Here are some examples of how your donations are helping shelters and rescue groups, in the organizations’ own words.
We used this money to help subsidize spay and neuter surgeries for dogs rescued from euthanasia in area shelters prior to adoption.
Spay and neuter surgeries are by far the largest recurring expense we currently have. By providing this money for this purpose, the grant allowed us to allocate other funds to program services that are lower on the priority list but also badly needed. We believe that all animals should be spayed or neutered prior to adoption and by doing so we are helping them to go onto happier, healthier lives with their new families.
Leah was a two year old blue pit bull type dog who came to us from a high kill shelter in one of the largest communities in Wyoming. She was emaciated and had stayed too long in a kennel. But in true bully style she was all kisses and wiggles for everyone new who she met. Like many other communities across the country, Wyoming’s shelters are faced with handling an abundance of pit bull and pit bull mix dogs. But unfortunately those shelters have not yet taken steps to address the needs of these dogs in their population. As a result, a greater number of them face euthanasia every year. Leah was one of the lucky ones and she got to come to Black Dog Animal Rescue for safety. She was spayed thanks in part to funding from the SNAP-X grant and gained weight well. She overcame some initial shyness and became a great snuggle buddy for her foster siblings. Leah traveled to New York state over the summer with her foster family where she learned to run off leash and that she loves to swim! Upon her return from the family vacation, Leah was quickly adopted by a local veterinarian and her family. Don’t be deterred by her serious expression, she never did learn to love the camera. But rest assured, she has found a happy, forever home. She was the 134th adoption in our Summer adopt-a-thon.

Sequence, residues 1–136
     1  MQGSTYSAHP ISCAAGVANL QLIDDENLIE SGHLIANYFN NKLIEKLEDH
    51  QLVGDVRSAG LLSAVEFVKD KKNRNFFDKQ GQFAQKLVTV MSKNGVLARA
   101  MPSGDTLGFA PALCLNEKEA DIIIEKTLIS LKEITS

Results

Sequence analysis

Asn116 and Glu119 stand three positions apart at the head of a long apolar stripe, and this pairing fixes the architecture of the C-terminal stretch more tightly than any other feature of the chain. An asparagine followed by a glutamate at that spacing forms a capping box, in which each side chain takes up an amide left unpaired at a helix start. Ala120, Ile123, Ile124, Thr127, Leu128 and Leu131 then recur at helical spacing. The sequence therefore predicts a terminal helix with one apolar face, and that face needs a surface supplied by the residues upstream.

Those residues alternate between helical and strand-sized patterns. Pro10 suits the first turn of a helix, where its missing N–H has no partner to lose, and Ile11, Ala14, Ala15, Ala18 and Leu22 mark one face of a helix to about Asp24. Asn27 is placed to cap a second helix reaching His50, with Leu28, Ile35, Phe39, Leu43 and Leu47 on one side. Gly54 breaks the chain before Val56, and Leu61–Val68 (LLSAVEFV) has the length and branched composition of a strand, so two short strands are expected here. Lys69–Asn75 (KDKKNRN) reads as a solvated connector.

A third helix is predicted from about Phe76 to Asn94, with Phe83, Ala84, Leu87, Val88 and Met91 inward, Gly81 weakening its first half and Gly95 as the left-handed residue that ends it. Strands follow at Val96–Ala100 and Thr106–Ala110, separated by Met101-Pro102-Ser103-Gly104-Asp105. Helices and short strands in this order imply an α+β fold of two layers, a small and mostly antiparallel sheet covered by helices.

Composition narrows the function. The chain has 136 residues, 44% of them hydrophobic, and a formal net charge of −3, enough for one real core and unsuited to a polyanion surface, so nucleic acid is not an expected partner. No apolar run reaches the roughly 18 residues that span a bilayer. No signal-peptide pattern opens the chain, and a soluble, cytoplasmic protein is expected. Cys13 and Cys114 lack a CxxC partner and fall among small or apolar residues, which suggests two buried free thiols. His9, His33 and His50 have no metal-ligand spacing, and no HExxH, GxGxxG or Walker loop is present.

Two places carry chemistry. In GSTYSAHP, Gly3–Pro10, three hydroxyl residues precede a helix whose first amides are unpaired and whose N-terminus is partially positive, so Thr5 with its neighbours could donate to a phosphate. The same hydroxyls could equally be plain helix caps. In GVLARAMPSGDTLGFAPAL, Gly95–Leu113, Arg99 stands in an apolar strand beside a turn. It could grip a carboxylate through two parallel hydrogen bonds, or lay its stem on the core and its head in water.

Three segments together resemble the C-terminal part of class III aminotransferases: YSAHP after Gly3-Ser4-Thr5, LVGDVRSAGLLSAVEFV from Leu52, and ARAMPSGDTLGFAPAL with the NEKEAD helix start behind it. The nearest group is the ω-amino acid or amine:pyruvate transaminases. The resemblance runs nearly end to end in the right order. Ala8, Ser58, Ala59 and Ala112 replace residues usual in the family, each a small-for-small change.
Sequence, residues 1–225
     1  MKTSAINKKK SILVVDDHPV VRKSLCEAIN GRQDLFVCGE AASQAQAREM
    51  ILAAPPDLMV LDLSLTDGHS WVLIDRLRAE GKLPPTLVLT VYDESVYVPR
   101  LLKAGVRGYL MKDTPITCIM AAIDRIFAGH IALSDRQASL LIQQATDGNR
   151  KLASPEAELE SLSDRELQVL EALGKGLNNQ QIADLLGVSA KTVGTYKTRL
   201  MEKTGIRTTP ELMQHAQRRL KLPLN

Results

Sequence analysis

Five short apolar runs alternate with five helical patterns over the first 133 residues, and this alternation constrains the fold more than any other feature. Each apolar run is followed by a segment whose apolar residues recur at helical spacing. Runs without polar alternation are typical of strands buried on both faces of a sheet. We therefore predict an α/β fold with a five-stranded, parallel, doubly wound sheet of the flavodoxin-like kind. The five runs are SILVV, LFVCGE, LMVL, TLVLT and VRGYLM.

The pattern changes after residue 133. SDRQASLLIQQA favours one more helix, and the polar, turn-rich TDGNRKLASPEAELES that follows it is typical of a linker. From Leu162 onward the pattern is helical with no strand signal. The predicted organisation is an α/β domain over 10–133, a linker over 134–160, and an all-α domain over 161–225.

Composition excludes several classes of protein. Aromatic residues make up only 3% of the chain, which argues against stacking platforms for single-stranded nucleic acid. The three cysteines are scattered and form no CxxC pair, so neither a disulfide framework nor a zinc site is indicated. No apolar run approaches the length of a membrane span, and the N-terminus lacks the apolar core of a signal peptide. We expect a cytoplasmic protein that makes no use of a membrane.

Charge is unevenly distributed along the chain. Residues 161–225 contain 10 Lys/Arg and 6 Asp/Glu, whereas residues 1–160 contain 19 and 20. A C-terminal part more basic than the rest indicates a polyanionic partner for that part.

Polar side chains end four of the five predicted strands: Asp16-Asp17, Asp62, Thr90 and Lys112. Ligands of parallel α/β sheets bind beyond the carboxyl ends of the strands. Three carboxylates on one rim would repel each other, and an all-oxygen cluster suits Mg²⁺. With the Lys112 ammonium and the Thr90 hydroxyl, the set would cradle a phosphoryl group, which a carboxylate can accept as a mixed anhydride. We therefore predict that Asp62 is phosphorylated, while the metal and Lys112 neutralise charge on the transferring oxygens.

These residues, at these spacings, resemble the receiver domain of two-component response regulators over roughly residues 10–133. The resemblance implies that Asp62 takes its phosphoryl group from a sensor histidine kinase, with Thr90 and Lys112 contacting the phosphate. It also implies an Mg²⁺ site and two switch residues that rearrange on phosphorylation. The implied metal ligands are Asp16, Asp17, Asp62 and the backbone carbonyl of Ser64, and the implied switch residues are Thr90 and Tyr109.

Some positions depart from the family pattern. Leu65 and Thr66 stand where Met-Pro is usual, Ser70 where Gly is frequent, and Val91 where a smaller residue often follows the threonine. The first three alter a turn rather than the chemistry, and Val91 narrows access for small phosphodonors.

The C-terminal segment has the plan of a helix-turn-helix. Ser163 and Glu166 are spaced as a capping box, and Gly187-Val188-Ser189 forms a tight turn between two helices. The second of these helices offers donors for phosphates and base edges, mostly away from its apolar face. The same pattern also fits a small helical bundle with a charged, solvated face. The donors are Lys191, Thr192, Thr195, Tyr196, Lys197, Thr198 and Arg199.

The provided camera, lens and photo editing software is used to take portraits of our adoptable animals for petfinder, our website, social media sites, publications, media spots, etc. Grooming products were used to spruce up our dirtiest residents.
One Picture Saves A Life has helped us show off our pets in the best light. Captivating, quality portraits are able to convey a positive message about shelter pets and motivate more people to consider welcoming an adopted animal into their lives. The tools and knowledge offered at One Picture Saves a Life enables us to take the best pictures possible under the inherent constraints of working a fast-paced animal shelter. The provided Rebel T3 with 50mm is lens ideal for taking a beautiful photo with ease. Seth Casteel did a thorough job of making sure we understood how to use the camera and how to bring out the unique personality of each animal. I am so grateful for the inspiring opportunity to hone my skills to help more pets.